The other divers don’t hold out too long in the water and soon it’s my turn. Packed up in my equipment I let myself fall into the ice water – and find out that it is actually warmer in the water. Can that be even possible?
Honestly, I found the first dive under the ice very stressful. Why? After not diving in my drysuit for a few months, it feels strange. Especially with all those extra layers. Somehow I feel really uncomfortable and have to concentrate too much on little things to enjoy the dive.
I spend the lunch break coming up with excuses why I don’t want to get back into the water. I can barely concentrate on my food. I have never felt so uncomfortable diving, even though the cold hasn’t affected me. I feel constricted by my drysuit and this feeling dominates everything else.
On the way back to the dive site for the afternoon dive I force myself to stop. I shake my head firmly and then I just have to laugh. I am finally here in Carinthia and I want to leave the whole weekend behind because of one single dive that didn’t go so well and made me feel uncomfortable? It takes a lot more to keep me from my goals. So I replace the thoughtful expression on my face with a curious smile. Pumped up with new energy I start the second dive. It’s incredible how powerful our thoughts often are. The second dive is completely different and I can enjoy being in the water again. Yeahh! As so often, the time in the water goes by much too fast and before I get cold, we emerge through the hole in the ice again. We clap our hands and I am so happy to be #CertifiedIceDiver!
The third day at Lake Weissensee is the same for me as for already certified ice divers – I will tell you more about this in the following section!
Ice Diving Weissensee: Ice Diving Weekend for Certified Ice Divers
Those who have already completed the ice diving course can look forward to a weekend full of dives. As already mentioned, the dive centre does its best to create the perfect conditions for us diving enthusiasts. Mimi and Basti not only take care of the room reservation at the Gasthof Wassermann, but also of our physical well-being and provide heated containers for changing and temporary storage of equipment. They also make sure that we really get into the water and cut holes in the ice and secure them.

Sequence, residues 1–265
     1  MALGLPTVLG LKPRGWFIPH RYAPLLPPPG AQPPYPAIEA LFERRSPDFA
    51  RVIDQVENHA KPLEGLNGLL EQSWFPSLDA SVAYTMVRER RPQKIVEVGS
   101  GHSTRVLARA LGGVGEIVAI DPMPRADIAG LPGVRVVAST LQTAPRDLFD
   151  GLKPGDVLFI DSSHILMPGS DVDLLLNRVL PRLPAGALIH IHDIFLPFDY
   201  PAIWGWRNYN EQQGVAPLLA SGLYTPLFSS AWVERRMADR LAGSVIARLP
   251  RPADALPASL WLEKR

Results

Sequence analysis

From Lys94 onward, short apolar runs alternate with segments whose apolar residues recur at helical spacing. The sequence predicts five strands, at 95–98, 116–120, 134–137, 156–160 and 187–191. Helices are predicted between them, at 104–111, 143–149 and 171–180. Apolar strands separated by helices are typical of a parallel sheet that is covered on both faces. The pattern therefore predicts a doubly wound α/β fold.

Comfortable diving and no stress are on the agenda. Depending on your arrival time, you can start ice diving on Friday. The whole weekend is basically based on the following plan: Breakfast. Diving. Lunch. Diving. Dinner. Sleep. Doesn’t sound so bad, does it?
Tips Ice Diving Weissensee
- No more cold feet! I simply stuck these ingenious warming pads on the underneath of my thick socks and was really amazed that I didn’t have cold feet all day long.
- Dry gloves vs. neoprene gloves: Many divers swear by their dry glove system. I have not upgraded my suit for this and will not be switching in the future. For ice diving I simply combined two pairs of gloves. On the one hand my Camaro 3mm with titanium thermal coating and above that 7mm three-finger gloves from Dirty Divers (I found an alternative here at Amazon).
- Surface intervals: Be sure to bring thick gloves (mittens for warming up) and a comfortably warm hood for the time on land.